[SOLVED] How to consume/chain functions "Pythonically"?


I have a set of functions f(x), g(x), s(x), t(x).

They are designed to be chained together like this: f(g(s(t(x))))

The functions are designed so they can be chained in any sequence. Another part of my code builds the sequence in a list: [f, g, s, t]

Is there an elegant way to take the list and chain the function calls, getting the output of the last result?

Now obviously I can do it using an outside counter-like variable which tracks the output and a simple for loop increment index, but I was wondering if there is an more Pythonic way to do this?


Reduce is the perfect answer (though we need to start with the innermost function, thus reversed):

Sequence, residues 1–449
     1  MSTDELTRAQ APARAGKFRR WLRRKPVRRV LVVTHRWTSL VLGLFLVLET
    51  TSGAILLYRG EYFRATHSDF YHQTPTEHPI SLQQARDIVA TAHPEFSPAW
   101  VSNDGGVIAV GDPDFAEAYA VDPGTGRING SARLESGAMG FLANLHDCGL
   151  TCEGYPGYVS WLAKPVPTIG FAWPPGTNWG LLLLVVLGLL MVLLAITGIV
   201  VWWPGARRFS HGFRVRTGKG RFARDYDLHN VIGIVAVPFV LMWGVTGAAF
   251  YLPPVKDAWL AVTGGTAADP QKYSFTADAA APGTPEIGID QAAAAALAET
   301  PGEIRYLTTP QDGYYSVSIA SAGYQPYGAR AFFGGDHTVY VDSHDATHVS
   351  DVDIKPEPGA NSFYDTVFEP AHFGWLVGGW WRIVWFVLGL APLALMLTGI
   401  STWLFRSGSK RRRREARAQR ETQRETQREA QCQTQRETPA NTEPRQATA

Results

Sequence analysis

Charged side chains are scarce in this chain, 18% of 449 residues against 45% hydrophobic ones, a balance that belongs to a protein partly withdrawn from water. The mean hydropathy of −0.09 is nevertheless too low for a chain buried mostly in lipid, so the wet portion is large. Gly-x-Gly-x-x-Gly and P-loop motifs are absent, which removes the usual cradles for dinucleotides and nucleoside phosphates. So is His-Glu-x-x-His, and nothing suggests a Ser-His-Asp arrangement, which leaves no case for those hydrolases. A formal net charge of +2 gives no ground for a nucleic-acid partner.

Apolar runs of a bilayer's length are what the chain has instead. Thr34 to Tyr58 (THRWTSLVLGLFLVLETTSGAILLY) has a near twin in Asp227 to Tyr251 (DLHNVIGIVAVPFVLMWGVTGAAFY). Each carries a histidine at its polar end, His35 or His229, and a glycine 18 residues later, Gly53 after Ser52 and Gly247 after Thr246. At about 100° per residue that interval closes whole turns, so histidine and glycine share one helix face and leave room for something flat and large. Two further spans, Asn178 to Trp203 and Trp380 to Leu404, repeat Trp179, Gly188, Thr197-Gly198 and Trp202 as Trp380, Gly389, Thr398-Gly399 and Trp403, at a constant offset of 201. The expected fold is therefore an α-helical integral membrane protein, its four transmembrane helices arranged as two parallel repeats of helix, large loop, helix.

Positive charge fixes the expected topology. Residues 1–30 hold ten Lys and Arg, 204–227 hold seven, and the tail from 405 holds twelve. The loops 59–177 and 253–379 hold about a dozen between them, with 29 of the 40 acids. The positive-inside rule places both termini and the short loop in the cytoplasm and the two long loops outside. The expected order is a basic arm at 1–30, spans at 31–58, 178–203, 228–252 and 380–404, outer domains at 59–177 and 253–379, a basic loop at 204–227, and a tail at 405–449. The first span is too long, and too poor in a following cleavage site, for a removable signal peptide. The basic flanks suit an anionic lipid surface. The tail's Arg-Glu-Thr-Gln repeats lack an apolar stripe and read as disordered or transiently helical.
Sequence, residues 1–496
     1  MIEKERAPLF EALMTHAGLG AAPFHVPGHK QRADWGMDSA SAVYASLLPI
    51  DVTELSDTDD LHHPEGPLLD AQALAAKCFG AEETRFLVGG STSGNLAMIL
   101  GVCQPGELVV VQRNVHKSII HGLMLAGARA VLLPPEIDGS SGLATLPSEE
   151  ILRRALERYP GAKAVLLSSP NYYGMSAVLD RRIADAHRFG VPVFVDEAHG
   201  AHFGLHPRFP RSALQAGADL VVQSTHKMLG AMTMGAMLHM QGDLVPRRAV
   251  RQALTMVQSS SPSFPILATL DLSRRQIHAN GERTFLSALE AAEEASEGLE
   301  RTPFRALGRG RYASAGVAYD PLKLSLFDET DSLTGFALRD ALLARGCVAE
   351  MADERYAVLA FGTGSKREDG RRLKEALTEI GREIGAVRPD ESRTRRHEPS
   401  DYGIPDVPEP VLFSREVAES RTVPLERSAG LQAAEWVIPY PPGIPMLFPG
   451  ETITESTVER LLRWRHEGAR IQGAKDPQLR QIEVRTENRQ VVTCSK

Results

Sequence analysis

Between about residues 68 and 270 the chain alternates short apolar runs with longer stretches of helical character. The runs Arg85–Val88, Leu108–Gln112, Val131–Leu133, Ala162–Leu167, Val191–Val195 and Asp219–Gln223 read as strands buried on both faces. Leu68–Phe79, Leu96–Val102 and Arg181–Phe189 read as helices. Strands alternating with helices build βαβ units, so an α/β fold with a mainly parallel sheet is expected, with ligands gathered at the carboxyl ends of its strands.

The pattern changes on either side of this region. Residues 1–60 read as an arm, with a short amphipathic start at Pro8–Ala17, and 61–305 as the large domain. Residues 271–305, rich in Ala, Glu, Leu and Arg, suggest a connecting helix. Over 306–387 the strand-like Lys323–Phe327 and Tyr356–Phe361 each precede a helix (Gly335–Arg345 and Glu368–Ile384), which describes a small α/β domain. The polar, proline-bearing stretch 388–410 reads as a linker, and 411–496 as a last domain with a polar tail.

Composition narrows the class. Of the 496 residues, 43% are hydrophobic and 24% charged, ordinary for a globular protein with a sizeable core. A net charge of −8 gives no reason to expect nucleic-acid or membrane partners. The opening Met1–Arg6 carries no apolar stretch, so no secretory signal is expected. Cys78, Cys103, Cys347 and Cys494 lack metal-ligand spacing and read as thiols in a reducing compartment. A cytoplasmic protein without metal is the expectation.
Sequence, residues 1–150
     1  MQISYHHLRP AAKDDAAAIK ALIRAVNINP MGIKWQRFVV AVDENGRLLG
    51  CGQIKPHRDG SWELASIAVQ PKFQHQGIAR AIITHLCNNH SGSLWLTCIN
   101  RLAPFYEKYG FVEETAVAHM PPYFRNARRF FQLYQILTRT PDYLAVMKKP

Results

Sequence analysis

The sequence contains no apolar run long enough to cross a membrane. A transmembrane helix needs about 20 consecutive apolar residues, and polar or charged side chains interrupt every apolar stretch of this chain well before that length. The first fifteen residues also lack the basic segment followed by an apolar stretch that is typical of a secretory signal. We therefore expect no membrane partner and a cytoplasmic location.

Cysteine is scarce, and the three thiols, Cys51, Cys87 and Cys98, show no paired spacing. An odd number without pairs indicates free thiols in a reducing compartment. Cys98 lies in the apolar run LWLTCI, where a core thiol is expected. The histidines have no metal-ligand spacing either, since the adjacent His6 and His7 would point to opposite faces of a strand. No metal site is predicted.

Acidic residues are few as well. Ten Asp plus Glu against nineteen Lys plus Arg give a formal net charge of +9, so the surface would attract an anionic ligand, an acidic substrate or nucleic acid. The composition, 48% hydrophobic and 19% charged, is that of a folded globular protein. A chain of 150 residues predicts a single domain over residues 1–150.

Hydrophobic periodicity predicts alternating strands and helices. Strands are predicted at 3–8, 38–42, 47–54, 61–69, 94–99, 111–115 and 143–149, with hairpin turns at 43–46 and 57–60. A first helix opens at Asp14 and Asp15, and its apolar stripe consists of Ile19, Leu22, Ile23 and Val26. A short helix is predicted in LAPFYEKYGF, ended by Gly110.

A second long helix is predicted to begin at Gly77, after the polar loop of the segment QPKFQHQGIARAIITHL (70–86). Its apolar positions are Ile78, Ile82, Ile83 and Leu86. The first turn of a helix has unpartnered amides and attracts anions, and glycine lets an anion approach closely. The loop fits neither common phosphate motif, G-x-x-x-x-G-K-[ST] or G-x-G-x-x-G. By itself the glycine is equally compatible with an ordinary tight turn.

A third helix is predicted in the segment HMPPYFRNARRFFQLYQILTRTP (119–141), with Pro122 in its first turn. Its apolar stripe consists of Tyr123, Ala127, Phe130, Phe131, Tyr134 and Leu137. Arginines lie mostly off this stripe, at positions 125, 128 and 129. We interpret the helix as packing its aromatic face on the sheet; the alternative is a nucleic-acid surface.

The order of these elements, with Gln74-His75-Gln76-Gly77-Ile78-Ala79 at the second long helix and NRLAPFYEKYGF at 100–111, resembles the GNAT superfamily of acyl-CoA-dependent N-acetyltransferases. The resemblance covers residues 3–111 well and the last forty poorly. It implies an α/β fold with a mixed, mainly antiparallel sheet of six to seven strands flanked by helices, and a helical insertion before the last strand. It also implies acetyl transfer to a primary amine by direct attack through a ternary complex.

import functools

functions = [f, g, s, t]
y = functools.reduce(lambda a, f: f(a), reversed(functions), x)

EDIT: With constant parameters, as easy as this:

p1, p2 = 5, 42
y = functools.reduce(lambda a, f: f(a, p1, p2), reversed(functions), x)

Answered By – Amadan

Answer Checked By – Robin (BugsFixing Admin)

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